It’s like Old Home Week when Dave Alvin and Jimmie Dale Gilmore return to The Palms
Roots musicians Dave Alvin and Jimmie Dale Gilmore realized a couple years ago that, even though they’ve been friends for decades, they hadn’t ever played together. They’ve set about correcting that with acoustic duo shows, including one at The Palms Playhouse (13 Main Street in Winters) tonight. Tickets, $28, for the 8 p.m. show are sold out.
Both Alvin and Gilmore have long histories with The Palms dating back to the days of “the old barn” in Davis and continuing at the venue’s Winters location, where Alvin in particular has been a mainstay of the club’s schedule.
Alvin previously described The Palms as a “much beloved music venue” that is one of his “favorite clubs anywhere in the world.”
This will be his first time back since he and Christy McWilson played a specially scheduled show two years ago when the club’s future was uncertain. For many fans, his return now puts an exclamation point on The Palms’ reopening.
Credited with helping invent the Americana and roots rock genres with both his band and solo work, Alvin can launch incendiary musical scorchers or bring things to a poignant simmer. His blues-influenced guitar playing, baritone voice, evocative songwriting and visceral performances have won him a dedicated following.
Equally fluent in spare and delicate folk, sultry blues and explosive rock, Alvin braids together the threads of American roots music. His Contemporary Folk Album of the Year Grammy win and Blues Album of the Year Grammy nomination highlight his omnivorous tendencies.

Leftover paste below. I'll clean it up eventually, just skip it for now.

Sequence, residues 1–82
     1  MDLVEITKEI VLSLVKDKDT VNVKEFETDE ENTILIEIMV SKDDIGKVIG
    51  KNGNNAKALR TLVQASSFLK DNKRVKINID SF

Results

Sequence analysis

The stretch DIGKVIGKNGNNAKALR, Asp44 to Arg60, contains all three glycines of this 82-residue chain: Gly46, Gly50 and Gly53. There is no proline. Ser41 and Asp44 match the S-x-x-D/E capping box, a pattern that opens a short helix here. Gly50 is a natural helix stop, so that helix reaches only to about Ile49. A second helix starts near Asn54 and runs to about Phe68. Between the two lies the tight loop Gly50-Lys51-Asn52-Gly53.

Alvin has recorded more than 20 albums, the most recent of which is the 2015 Yep Roc release “Lost Time,” recorded with his brother and Blasters co-founder Phil Alvin and backing band The Guilty Ones.
Jimmie Dale Gilmore, who most recently played The Palms last summer with Bill Kirchen, co-founded The Flatlanders, the Texas-based band now credited with establishing alt-country.
“Jimmie is a wonderful pure-voiced singer,” Kirchen said ahead of last year’s show, “with a tremendous catalogue of songs, many from his own pen.”
Singer-songwriter Blackie Farrell, who’s known Gilmore since the 1970s, added, “Jimmie owns what he does, and does it with inspiring soul and grace.”
In addition to his work with The Flatlanders, Gilmore has recorded nearly 10 solo albums, been nominated for three Grammy awards and been named Rolling Stone’s Country Artist of the Year three years in a row.
Gilmore is also an actor, most notably playing the pacifist bowler Smokey in the Coen Brothers’ movie “The Big Lebowski.”
Alvin and Gilmore recently recorded an album together. A release date is not yet announced.
For more information, visit palmsplayhouse.com, davealvin.net and jimmiegilmore.com.